Between $30,000 and $70,000. And it doesn’t grow much for associates: they practice for a few years and become Crown attorneys, partners or sole practitioners.


Does that sound accurate?

Source:  http://lawandstyle.ca/career/career-sean-robichaud/

Edited by homer

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38 minutes ago, homer said:

 

Big firms have a mix of legal aid and private clients, legal aid does pay well for bigger matters.  I agree that some files need more then one lawyer, but that's rare.  Even then, lawyers can and often do, partner with others.  This often occurs in chambers.  They also send each other work sometimes (e.g. they may offer a legal aid bail to a new lawyer like me in the chambers since it only pays very little).  Also, if you need to have an adjournment or have something simple done in court, the CLA has a listserve where we just ask someone to adjourn something.  Someone always answers.   If we need specific questions answered, the listserve does that as well.  

I guess if someone knows first hand, I would love to get a ballpark on how much these lawyers make.  In all honesty, I cant see these positions paying very much.  The only reason I could see someone working at such a firm is for experience, bragging rights, or because they genuinely love criminal law and do not want to run a business. 

It’s not rare that your files need more than one lawyer if you do a lot of murders and jury trials. The list serve is a great resource, I agree, but it’s still not the same as being part of a firm. The main reason to be an associate is definitely to get experience and future relationships/connections.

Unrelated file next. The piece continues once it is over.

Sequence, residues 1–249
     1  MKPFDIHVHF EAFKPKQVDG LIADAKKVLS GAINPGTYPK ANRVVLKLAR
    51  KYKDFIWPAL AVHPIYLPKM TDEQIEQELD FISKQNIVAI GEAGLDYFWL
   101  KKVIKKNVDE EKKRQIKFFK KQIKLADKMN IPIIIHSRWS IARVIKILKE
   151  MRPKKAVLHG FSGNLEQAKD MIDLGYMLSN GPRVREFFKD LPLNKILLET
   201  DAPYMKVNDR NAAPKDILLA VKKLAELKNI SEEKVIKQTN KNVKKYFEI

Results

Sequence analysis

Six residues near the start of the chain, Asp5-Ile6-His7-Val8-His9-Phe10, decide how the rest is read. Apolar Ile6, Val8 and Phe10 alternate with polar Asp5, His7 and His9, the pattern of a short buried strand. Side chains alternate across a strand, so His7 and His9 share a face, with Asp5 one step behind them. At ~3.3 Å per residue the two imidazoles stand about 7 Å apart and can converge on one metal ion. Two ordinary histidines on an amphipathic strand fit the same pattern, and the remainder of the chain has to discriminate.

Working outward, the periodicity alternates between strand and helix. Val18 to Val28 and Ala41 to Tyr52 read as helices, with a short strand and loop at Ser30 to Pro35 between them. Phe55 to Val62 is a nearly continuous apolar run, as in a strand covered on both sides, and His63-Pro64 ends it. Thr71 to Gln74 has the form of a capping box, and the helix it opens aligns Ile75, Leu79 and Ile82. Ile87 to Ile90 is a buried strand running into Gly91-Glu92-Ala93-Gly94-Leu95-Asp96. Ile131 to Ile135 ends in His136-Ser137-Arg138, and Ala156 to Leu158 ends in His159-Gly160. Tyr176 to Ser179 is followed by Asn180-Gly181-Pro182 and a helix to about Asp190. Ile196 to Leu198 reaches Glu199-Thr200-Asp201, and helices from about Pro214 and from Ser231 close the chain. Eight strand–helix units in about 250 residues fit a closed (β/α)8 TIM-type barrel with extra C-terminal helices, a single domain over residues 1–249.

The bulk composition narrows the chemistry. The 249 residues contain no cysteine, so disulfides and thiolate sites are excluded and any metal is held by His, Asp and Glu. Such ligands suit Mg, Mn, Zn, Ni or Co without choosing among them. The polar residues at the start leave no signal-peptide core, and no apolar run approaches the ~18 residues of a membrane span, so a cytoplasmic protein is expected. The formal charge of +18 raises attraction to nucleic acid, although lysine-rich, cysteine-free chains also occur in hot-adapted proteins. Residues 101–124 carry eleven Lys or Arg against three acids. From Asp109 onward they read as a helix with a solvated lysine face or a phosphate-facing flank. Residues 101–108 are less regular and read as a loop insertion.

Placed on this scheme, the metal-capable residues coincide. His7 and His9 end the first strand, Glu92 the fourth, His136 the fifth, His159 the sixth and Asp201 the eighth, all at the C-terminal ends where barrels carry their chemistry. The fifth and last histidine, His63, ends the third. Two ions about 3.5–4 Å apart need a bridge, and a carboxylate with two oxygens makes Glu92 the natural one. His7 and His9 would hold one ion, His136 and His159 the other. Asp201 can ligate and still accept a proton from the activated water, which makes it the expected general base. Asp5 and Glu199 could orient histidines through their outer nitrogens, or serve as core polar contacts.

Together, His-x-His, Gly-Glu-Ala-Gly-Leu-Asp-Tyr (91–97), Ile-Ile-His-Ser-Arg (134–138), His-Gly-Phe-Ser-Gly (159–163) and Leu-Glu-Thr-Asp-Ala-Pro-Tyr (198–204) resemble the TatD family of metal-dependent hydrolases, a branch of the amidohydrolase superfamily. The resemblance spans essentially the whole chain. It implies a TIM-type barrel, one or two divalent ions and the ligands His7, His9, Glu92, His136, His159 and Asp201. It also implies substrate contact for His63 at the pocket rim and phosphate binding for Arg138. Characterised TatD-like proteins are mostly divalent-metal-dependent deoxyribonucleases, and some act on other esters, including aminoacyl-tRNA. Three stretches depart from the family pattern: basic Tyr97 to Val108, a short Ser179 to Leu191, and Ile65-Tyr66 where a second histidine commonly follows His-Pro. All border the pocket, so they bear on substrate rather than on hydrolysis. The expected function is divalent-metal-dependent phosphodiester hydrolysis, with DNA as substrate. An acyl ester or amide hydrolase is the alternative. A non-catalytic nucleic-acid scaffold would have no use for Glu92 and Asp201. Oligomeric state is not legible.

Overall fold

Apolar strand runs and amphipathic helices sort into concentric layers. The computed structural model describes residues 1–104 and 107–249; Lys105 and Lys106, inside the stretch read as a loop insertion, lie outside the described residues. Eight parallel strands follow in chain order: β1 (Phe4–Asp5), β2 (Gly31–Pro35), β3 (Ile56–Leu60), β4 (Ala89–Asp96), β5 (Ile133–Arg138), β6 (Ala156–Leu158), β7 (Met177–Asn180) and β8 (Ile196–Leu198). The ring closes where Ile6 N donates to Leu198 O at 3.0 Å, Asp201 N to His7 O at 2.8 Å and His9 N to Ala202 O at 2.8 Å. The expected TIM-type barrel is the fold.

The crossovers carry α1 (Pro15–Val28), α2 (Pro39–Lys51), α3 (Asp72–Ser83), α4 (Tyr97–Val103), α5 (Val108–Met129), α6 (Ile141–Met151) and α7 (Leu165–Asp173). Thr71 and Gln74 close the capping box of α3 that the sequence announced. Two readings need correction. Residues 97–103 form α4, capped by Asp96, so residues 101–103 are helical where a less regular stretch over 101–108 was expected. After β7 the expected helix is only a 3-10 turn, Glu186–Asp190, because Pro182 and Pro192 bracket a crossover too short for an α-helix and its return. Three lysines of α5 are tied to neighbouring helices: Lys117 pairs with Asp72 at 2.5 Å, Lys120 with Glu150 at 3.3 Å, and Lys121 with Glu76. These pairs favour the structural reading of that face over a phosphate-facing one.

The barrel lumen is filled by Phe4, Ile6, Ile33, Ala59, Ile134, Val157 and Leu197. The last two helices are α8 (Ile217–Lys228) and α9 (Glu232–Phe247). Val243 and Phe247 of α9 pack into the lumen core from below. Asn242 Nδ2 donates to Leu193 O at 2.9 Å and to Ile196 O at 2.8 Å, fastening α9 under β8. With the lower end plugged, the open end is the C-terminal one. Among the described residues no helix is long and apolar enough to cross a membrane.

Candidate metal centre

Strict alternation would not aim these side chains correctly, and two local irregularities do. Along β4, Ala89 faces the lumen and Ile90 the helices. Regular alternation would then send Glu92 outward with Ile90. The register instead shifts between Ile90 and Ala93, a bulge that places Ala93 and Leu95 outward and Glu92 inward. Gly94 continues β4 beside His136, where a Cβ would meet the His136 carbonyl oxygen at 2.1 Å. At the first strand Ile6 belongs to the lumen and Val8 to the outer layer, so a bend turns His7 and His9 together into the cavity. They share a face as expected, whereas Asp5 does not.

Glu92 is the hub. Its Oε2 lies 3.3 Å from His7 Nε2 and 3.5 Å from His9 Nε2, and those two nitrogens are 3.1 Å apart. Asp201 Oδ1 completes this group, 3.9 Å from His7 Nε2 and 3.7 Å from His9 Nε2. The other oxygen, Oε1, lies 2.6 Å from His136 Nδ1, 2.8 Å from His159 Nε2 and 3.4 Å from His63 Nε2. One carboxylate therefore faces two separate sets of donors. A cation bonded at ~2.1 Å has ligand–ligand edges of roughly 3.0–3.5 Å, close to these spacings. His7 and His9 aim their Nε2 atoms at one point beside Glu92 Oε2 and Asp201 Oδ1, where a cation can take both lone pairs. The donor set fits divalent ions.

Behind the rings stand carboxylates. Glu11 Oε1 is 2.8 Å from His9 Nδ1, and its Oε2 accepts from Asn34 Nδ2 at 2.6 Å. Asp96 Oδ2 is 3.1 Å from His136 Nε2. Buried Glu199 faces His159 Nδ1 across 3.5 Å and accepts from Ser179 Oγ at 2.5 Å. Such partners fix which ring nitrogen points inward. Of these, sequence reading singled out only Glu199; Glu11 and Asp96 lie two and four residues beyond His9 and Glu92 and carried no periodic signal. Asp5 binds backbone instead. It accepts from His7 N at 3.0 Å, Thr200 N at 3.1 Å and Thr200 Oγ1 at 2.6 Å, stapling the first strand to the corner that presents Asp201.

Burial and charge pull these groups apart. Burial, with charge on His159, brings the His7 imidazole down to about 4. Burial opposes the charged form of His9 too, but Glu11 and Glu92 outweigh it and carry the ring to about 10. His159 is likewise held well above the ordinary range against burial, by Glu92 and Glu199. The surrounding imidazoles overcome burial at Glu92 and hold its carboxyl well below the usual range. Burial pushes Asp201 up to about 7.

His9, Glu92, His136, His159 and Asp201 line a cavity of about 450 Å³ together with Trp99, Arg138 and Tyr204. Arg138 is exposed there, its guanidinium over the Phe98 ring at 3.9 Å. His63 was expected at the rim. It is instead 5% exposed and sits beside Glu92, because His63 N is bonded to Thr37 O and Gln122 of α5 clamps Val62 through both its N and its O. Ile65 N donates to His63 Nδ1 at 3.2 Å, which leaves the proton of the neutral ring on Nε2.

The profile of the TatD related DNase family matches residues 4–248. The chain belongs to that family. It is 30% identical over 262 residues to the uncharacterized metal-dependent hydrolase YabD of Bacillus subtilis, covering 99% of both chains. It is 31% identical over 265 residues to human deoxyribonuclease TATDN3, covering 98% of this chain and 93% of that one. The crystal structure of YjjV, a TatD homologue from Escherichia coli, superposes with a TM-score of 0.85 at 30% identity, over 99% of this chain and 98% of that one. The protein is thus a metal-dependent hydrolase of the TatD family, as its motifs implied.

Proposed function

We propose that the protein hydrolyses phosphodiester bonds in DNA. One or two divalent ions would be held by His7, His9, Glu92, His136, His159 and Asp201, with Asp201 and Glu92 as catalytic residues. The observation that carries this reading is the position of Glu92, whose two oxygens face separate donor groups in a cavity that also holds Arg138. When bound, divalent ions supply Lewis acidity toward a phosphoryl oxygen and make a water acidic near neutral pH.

Those numbers seem accurate, maybe slightly on the low side. But a lot of soles in their first or second year are lucky to make that. 

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Jr associates can be between 40k-70k. It ranges on year of call obvs and whether you bring your own client list.

 It also really depends on the firm's expected billable (for Ottawa, are you working with Edelson on $$$ files or are you working at a high-volume LAO practice). There are also only a handful of mid size solely criminal law firms. I believe people choose to work in them, as opposed to sole, because they dont want to run a business. Thry also get much more interesting cases waaaay earlier on. JR SPs generally arent getting appeal work, though a colleague who a 2 year call is getting exactly that at one of these firms.

Other common pay strategies is a 50-50 share arrangement. You get to benefit from the firm name and resources in this way. 

 

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I know in some of the regulatory prosecutions in my office the prosecutors (often big name criminal types) use their associates in the bigger hearings.